• Dave

            Not completely acurrate….the GOB abused the filibuster in the senate and the only reason Obamacare got passed is because the two moderate GOP senators from Maine allowed the legislation to come to a vote in the Senate.
            The Keystone pipeline: you do know that the reason Obama halted it is because of the same reason the GOP dominated legislature in Nebraska voted it stopped. It was going through an area that affected 30% of the states drinking and farm water.
            Do you really think we can get out of debt just by drilling for oil??? Really? You have numbers to back that claim up?
            The rest is just a lie.

          • ChiefBoring

            Those Mainers might as well be democrats. Like Brown of Massachusetts. He was supposed to be the fortieth vote to stop Obamacare. Didn’t happen. The same complaints were made about the Alaska pipeline. It was going to melt the tundra and kill the caribou. The tundra is still frozen, and there are more caribou. All the estimates by those who know indicate we could do just that. I don’t know what you are referring to as a lie. I may be wrong sometimes, but i don’t lie. Please don’t be like Just..who calls people names and derides their intelligence.

  • MaloneLavey

    I do not identify as a Constitutionalist. Why? Because the Constitution, while arguably better than most of the world’s basic law documents, still contains flaws. For example, the same Constitution that protects certain of your rights also allows the government to tax you. Your rights aren’t granted by a piece of paper, they exist a priori by virtue of your being a living human individual.

    • Michael Shreve

      THOSE amendments were NOT part of the ORIGINAL U.S. Constitution, they were added later in a INANE attempt to keep it “current” to the NEEDS of “modern” society. INEPT at best.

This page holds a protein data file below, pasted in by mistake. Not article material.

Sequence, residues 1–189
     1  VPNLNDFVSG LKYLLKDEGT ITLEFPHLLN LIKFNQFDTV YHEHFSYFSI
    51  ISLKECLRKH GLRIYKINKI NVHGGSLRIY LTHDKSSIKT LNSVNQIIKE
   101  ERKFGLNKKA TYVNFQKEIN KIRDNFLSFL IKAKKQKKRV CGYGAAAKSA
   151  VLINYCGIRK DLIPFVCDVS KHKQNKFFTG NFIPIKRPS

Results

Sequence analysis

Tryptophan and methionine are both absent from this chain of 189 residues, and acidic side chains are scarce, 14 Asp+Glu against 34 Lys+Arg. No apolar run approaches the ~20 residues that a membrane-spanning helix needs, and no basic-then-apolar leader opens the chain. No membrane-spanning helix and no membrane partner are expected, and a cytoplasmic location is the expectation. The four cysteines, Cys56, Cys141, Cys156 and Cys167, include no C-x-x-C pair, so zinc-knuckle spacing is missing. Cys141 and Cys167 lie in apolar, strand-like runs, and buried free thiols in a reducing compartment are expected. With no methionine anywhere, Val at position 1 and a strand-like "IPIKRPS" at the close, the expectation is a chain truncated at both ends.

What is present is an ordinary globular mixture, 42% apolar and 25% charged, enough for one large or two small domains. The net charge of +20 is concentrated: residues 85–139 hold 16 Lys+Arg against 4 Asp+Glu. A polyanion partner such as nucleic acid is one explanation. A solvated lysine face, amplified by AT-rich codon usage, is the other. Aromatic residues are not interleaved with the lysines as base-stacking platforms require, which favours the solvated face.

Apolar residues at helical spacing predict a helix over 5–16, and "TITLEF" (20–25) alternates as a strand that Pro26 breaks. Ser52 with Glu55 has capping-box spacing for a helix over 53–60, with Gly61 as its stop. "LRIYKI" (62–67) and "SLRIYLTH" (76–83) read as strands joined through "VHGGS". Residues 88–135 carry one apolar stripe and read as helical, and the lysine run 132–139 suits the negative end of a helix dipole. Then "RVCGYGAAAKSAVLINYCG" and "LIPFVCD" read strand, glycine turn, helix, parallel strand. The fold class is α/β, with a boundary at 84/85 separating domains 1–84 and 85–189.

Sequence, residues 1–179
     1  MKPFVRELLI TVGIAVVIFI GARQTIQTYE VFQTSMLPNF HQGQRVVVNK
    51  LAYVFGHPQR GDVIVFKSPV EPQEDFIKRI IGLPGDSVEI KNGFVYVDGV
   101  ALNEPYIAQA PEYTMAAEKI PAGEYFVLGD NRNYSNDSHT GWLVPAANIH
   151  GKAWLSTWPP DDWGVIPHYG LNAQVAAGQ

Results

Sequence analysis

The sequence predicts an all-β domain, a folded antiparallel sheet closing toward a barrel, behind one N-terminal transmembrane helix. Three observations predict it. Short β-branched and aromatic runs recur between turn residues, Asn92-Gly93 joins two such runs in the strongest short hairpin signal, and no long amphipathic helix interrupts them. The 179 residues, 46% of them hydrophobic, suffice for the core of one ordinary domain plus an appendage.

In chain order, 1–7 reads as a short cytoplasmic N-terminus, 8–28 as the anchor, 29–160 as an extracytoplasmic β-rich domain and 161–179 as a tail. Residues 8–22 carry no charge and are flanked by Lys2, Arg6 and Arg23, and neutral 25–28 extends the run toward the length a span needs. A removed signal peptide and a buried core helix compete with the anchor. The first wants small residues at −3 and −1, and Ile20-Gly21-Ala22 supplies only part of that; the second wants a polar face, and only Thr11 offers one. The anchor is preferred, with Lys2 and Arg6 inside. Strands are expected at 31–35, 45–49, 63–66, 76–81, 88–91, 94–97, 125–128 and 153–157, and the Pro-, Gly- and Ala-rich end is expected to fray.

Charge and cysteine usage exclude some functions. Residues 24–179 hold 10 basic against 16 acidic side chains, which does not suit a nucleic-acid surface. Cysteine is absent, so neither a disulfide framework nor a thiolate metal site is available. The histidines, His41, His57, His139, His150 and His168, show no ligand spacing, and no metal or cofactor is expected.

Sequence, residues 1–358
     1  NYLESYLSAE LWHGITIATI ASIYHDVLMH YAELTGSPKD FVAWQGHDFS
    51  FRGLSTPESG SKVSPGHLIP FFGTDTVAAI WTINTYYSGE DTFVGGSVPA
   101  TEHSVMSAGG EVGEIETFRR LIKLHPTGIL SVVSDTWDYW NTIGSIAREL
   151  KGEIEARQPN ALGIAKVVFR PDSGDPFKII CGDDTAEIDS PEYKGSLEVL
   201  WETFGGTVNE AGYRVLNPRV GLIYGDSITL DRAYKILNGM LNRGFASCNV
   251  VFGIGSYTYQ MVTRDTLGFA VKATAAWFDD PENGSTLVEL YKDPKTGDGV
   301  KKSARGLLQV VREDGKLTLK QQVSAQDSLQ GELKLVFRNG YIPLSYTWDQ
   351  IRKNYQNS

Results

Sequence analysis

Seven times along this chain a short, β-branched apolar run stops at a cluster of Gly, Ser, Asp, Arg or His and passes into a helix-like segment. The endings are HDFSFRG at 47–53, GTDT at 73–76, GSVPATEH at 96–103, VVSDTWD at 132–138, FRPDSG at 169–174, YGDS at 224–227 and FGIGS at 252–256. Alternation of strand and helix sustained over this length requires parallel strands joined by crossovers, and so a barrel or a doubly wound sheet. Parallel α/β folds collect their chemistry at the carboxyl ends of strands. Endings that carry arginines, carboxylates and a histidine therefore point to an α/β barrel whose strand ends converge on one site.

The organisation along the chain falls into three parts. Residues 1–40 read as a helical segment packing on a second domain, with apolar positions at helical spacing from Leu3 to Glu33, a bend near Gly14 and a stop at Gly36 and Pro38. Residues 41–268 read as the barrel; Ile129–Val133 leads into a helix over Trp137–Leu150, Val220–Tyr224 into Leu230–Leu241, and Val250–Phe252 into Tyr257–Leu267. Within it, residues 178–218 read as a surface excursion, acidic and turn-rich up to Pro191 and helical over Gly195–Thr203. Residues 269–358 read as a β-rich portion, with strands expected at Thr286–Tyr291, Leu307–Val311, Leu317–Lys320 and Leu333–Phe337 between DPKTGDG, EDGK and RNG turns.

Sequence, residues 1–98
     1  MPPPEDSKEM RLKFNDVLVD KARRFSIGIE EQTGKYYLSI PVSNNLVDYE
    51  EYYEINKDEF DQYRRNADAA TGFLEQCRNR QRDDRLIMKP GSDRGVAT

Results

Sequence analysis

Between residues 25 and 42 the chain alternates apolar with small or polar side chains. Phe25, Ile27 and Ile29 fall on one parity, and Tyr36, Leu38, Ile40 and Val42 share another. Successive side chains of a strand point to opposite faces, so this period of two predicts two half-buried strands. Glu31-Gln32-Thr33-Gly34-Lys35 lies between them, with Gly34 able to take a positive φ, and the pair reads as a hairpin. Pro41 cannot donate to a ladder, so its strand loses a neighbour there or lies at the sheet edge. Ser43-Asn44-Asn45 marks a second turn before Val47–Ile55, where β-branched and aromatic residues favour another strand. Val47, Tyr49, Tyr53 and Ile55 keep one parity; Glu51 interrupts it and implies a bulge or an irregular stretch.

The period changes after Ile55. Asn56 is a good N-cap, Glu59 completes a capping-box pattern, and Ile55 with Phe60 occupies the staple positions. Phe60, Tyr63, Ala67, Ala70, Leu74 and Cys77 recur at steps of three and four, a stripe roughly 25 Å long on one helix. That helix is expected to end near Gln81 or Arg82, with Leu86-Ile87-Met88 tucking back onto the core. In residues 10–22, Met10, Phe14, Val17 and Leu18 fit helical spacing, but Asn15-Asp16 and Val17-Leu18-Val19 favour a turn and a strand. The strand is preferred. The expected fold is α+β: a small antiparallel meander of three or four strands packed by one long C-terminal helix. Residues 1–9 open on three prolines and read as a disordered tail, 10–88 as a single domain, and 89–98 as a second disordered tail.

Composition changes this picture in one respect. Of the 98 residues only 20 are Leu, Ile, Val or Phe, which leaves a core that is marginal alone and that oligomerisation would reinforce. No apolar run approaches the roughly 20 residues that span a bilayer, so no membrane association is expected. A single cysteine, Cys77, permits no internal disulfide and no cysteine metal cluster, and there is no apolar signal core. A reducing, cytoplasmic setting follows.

• Vigilant

        Original Constitution, Article I, Section 9: power of government to tax the people.

  • Michael Shreve

    A Libertarian is someone who believes PERSONAL liberty is is ONLY constrained by the U.S. Constitution and the RIGHTS of others. Also, the STATES and the PEOPLE are MORE powerful than the U.S, government EXCEPT as to the limited and ENUMERATED powers of the U.S. government.

    The U.S. Constitution contains NO implied FEDERAL powers, THOSE were INTENTIONALLY reserved to the states and the people.

    • Oldmonkey

      Exactly! Indeed the 9th and 10th Amendments make the Eagle fly

    • Oldmonkey

      Exactly! Indeed the 9th and 10th Amendments make the Eagle fly

  • Rocketman

    I’ve heard this said and it’s dead on, that the real battle is not between anti-gun and pro-gun, not between liberal and conservative, not between pro or anti abortion or anything else you might think. The real battle is between who owns your life, do you or does the government? If you think that the government is the owner then your either a liberal, conservative, communist, facist, socialist, progressive, marxist or some other name for a slave. If you think that you do then your a libertarian.

  • Nadzieja Batki